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konarikcy

archontophoenix dead?

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konarikcy

 Hi everyone. I am Kat (Katerina) from Nicosia Cyprus supposedly USDA 10a -managed to kill my foxtail 2 yrs ago and now the top has fallen off my archontophoenix (not clear if Alexander or Cunningham). is there any chance it can still be alive.

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Ben in Norcal

Welcome.  Doubtful still alive, but pictures would help potentially diagnose the issue.  Foxtails are much more cold/cool sensitive than Archontophoenix.

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Monòver

Wellcome!

Pictures please!

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doranakandawatta

Yes, welcome on Palmtalk, but yes, pictures would help. Thanks

 

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RedRabbit

If the top fell off I'm going to go with no, it 's not alive. Sorry. :( 

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DoomsDave

Kat!

Welcome to PT!

We can help! So good to hear from inhabitants of your lovely island!

A picture is really useful. If the thick green part of the palm that the leaves come out of fell off, leaving only the brown or gray woody trunk . . .  not good. Alas!

But you can plant another. Cyprus is a great palm place. Kings are easy to come by.

We'd like to see pictures of your garden and Cyprus as a whole.

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konarikcy

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Hi everyone. Come a long way since I killed my foxtail and alexander palms in 2016. today my garden has 14 archontophoenix like the ones in the middle of my garden here. Not sure which they are as bought them young without labels but they are not alexanders, probably cumminhamianas or hybrids as they do well near zero. Garden has come a long way too so I am joining the group once more. I battle with temps near zero in winter but v hot summers. This yr we hit 46oC. Climate change is moving me from a hot 9b into a 10a easily I think.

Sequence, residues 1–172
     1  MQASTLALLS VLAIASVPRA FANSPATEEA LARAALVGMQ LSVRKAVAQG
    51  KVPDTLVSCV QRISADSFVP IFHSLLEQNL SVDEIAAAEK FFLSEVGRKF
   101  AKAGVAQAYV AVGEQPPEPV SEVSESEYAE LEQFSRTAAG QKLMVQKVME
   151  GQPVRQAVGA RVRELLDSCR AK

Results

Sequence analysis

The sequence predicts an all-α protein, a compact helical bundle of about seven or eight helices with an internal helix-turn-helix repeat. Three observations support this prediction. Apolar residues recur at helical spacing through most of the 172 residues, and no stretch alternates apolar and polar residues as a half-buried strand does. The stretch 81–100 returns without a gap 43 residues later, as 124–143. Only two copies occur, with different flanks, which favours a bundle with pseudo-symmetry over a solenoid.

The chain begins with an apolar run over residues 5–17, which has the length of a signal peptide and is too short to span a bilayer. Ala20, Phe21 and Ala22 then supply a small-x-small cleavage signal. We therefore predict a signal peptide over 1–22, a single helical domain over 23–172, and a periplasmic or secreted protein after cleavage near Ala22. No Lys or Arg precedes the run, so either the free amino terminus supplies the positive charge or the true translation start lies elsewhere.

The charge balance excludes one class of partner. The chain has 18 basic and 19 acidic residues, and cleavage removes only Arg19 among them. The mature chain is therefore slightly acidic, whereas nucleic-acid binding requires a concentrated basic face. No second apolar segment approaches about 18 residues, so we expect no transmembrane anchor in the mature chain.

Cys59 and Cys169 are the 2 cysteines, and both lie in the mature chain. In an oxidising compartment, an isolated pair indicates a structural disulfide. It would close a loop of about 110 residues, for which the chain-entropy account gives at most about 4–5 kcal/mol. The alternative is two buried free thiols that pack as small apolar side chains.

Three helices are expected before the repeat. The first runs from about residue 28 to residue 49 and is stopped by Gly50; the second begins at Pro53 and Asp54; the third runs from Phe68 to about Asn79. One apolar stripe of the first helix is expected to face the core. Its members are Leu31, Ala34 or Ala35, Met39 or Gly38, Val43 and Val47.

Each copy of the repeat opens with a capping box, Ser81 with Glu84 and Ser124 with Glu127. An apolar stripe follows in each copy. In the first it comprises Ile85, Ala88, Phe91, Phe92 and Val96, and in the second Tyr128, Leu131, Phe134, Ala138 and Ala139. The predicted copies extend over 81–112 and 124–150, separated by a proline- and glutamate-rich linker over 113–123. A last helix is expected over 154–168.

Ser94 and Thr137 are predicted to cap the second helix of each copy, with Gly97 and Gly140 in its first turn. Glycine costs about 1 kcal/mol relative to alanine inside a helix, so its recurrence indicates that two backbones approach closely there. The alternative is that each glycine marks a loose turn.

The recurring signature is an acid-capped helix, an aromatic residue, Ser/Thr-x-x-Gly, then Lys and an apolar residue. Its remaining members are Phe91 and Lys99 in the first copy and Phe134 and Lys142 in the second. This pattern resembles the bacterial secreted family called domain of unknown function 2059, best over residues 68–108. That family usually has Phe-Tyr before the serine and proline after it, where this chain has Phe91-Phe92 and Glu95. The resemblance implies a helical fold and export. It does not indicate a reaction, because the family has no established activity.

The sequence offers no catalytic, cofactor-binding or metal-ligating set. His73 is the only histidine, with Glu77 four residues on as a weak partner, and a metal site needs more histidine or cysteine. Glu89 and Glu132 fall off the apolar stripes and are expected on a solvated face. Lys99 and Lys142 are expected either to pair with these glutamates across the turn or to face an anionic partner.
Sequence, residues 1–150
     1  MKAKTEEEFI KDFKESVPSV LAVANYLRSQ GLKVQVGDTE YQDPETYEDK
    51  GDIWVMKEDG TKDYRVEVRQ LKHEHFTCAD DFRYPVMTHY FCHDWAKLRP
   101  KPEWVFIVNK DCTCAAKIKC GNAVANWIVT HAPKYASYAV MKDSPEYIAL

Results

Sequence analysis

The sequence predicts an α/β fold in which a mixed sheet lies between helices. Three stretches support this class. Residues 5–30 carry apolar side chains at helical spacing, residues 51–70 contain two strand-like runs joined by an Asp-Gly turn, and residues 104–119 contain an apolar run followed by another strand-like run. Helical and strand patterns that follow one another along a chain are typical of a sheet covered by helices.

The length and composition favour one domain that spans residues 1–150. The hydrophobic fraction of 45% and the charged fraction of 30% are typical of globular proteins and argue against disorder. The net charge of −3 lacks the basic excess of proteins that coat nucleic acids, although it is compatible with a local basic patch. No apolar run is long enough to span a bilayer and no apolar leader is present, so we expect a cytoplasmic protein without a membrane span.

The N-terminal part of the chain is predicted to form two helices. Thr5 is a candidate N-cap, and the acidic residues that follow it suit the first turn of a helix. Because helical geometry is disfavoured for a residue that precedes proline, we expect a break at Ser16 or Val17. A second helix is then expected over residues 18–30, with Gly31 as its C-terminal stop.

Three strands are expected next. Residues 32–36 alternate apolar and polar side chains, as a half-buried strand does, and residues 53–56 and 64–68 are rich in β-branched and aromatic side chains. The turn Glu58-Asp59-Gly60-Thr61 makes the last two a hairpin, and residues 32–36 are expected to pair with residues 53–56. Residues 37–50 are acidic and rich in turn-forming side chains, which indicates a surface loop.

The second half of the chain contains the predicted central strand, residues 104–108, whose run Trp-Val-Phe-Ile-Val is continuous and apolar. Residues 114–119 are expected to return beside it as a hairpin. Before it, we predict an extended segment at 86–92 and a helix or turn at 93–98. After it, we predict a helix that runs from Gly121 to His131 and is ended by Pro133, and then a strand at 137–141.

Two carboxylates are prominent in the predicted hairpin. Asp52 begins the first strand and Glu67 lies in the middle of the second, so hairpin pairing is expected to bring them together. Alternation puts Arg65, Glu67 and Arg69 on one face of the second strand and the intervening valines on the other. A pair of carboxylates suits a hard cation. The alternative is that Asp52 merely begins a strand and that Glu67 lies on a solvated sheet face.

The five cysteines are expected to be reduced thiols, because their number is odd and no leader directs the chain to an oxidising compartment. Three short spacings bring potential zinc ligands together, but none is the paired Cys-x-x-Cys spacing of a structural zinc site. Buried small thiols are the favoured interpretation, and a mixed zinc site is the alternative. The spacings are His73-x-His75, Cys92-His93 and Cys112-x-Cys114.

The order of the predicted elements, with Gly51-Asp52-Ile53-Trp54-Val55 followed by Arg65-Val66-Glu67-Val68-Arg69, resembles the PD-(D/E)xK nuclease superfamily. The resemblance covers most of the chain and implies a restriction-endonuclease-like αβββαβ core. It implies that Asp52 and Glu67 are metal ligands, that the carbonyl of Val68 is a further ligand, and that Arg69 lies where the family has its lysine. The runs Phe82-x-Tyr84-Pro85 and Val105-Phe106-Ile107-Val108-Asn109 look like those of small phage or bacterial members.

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konarikcy

Hope I'm entering pictures ok as not v good at this. I grow a variety of Cycads, dioone and encephalartus. Palms include livistona chinensis, trachycarpus both fortuni and waggies, cheamadorea, rhaphis, ravanea rivulis. As you can see from my pictures, I pack things tightly and I think this actually helps them survive in winter. My microsclimate can be felt as you come into the garden

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Darold Petty

Welcome back !  :)    Your garden looks great.

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konarikcy